No Nutrition?


Sweet, salty, creamy, and crunchy junk food captivates many worldwide. People choose to enjoy chocolate over broccoli, even though it is not nearly as nutritious.

“There are a lot of fats and sugars in junk food, and kids like fats and sugars, so they eat them,” said Katie Bingham, 7th grade student.

Katie is one of many noticing the unhealthy habits around the halls. It is becoming more common to find the sweet treats replacing the fruits and veggies. “American teenagers receive 16.9 percent of their calories from fast food,” said

“I see a lot of kids eating a lot of treats and sugar, because they really like them,” said Sheila Horman, 6th grade student. “You could get unhealthy. It’s just not fun.”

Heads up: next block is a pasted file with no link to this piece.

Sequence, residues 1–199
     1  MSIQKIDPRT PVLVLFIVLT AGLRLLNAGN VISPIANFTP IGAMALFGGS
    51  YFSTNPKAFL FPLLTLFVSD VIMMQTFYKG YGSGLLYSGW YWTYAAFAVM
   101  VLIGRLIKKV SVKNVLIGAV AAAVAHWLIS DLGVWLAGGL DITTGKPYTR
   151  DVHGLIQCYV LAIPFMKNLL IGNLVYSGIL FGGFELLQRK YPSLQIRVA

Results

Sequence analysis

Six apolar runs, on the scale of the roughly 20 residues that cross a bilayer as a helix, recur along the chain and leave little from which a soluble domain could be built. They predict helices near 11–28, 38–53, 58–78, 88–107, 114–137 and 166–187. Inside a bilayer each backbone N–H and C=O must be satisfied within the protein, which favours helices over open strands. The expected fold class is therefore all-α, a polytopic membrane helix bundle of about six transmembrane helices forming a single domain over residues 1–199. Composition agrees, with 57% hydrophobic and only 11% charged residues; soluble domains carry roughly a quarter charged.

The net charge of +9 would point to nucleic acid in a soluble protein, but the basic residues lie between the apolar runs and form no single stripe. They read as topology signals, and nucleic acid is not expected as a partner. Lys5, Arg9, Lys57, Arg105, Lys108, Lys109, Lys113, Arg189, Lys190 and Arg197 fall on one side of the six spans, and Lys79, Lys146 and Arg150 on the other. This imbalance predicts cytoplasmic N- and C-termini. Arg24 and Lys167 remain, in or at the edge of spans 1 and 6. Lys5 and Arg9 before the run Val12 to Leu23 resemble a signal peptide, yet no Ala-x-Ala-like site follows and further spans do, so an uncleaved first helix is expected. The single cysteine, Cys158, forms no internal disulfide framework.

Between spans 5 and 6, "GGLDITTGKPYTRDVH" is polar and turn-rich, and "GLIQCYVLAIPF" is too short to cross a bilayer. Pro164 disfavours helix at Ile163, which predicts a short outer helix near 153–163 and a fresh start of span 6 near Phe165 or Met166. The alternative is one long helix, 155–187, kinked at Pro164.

Although many kids and adults alike savor the delicious flavors of junk food, the processed ingredients are not nearly as healthy as food that is natural, and eating too much of them might affect kids later on in life.

“Nutritional experiences in early life can have long-lasting consequences,” according to

Empty calories from added sugars and solid fats contribute to 40% of total daily calories for 2–18 year olds and half of these empty calories come from six sources: soda, fruit drinks, dairy desserts, grain desserts, pizza, and whole milk,” said

Paul Harrison, 7th grade student, said, “We could reduce the amount of fat and salt foods in our lunch.”

Bananas, peaches, and carrots, oh my! Fruits provide way more nutrition that sugary treats.
A bowl of oranges and limes proves to provide plenty of potassium and vitamin C.
A student’s lunch will usually consist of some sort of candy, such as chocolate.
Salads provide many different fruits and/or veggies, to fill nutritional needs.
Pretzels are a healthy snack, they have a little bit of salt, and they taste delicious.